Students And Policy Makers Face Each Other At Central Asian education forum

Dagmar Ouzoun, ETF country manager for Tajikistan with students,  Aziza Islamova (l) and Farsona Alimova (r) at the Central Asian Regional Forum on School Development in Dushanbe, Tajikistan, on 25 September.

Photo: Dagmar Ouzoun, ETF country manager for Tajikistan with students,  Aziza Islamova (l) and Farsona Alimova (r) at the Central Asian Regional Forum on School Development in Dushanbe, Tajikistan, on 25 September.

The ETF opened the Central Asian Regional Forum on School Development in Dushanbe, Tajikistan, on 25 September.

This three-day long conference with discussions and workshops gathers managers of vocational education institutions, practitioners, policy makers, teachers, and education experts from Kazakhstan, Kyrgyzstan, Tajikistan, Turkmenistan, Uzbekistan, and the European Union.

Two teenage students from Dushanbe’s Railway Machinist Lyceum reminded delegates at the conferencewhat vocational education is all about.

“As a child you dream of what you will become,” 17-year-old Farsona Alimova told teachers, policymakers and educationalists at a regional forum on school development for lifelong learning in Central Asia.

“Girls dream of being seamstresses or doctors; of taking care of people. Boys of becoming famous sportsmen.”

Those dreams may change, the first year student of accountancy said, but a vision of the future remains.

Policy makers must listen to young people

Fellow student Aziza Islamova, encouraged by Vincent McBride, the ETF’s senior human capital development specialist, to “be open – you are among friends here,” told of her wish that policymakers and college heads could understand and take into account the needs of young people.

The students’ contribution – rarely heard at international events focused on vocational education and training – came on the first day of the conference that brings together the coordinators of the ETF’s innovative Communities of Practice (CoPs) programme from Tajikistan, Kyrgyzstan and Kazakhstan.

Introduced two years ago, CoPs is a system that facilitates regular informal meetings of VET colleagues to discuss and review their professional and institutional practices and see how they can improve them.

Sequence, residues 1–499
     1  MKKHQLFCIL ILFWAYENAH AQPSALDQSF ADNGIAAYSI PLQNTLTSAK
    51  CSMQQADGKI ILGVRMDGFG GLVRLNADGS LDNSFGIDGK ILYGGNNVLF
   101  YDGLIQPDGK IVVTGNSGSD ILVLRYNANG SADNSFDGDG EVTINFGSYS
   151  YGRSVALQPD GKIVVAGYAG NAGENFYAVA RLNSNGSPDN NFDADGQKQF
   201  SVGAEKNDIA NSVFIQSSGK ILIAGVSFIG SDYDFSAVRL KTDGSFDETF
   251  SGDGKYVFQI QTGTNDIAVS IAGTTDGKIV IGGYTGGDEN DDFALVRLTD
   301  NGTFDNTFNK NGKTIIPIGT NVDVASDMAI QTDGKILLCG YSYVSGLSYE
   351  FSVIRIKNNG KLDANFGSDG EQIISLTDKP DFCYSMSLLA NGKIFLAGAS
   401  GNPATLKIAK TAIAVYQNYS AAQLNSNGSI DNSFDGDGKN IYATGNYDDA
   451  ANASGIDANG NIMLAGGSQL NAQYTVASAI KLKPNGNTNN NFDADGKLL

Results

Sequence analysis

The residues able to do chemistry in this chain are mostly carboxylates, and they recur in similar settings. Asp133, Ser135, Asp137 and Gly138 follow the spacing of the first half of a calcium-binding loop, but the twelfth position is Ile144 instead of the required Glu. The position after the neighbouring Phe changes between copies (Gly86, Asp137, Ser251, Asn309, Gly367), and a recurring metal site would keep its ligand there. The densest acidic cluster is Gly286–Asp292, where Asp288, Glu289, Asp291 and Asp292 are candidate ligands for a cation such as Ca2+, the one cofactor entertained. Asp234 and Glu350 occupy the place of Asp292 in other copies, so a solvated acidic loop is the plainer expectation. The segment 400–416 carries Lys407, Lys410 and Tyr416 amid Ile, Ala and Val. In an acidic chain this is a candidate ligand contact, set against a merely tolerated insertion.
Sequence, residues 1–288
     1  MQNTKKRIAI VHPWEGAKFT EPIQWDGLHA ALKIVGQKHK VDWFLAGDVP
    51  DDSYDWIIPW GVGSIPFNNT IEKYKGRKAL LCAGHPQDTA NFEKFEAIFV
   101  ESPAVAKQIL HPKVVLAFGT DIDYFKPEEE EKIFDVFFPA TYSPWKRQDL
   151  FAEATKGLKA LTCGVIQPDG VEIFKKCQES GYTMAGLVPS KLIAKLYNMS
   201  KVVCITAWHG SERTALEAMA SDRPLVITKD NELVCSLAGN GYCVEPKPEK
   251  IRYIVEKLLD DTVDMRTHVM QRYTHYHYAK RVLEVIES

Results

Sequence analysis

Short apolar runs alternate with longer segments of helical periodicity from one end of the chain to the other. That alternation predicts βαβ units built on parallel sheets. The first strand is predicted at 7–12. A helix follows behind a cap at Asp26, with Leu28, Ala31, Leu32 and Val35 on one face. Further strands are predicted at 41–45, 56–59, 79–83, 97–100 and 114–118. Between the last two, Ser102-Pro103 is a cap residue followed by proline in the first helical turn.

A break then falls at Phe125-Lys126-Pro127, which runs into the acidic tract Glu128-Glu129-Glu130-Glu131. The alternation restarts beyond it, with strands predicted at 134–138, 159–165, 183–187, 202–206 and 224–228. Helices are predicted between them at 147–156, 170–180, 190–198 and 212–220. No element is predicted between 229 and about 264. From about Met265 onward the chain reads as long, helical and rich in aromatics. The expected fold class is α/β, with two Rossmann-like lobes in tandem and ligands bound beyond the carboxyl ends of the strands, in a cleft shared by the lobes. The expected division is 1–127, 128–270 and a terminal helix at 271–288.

By focusing discussions on partnerships, school planning, analysis of local conditions, training of trainers, school leadership and teaching and learning, it is hoped that management reforms can be made more effective.

Five year of ETF work on school devlopment in Central Asia

The scheme, part of a capacity building and policy dialogue initiative in VET and lifelong learning launched in 2009, also includes dialogue with policymakers.

Emin Sanginov, first deputy minister at Tajikistan’s Ministry of Labour, Migration and Employment, acknowledged the need to continue to improve quality in a VET landscape still recovering from years of post-Soviet neglect.

Recent research showed that 80 percent of Tajikistan secondary school leavers go straight onto the labour market without following any further or higher education.

The need to address the lack of skills in adult workers has prompted a drive to expand provision for lifelong learning and private sector incentives to encourage employer involvement in social partnerships with educational institutions, he said.

Improving VET key to economic wellbeing

“Improving quality in vocational education and training is key to Tajikistan’s social and economic wellbeing,” Sanginov said.

His comments were echoed by Istvan Nitrai, acting head of the EU delegation to Tajikistan, who said that, “the ETF’s commitment to education is fundamental to our work across Central Asia.”

In a region where “the majority of the population is under 30,” it was an EU priority to support the improvement of educational services, he added.

The CoPs programme seems to be helping in that: delegates at a preliminary session on 24 September said that sharing in informal professional groups was marked by “enthusiasm and openness.”

One remarked: “I felt that by doing this exercise it brought us closer together; these groups could be described as small families.”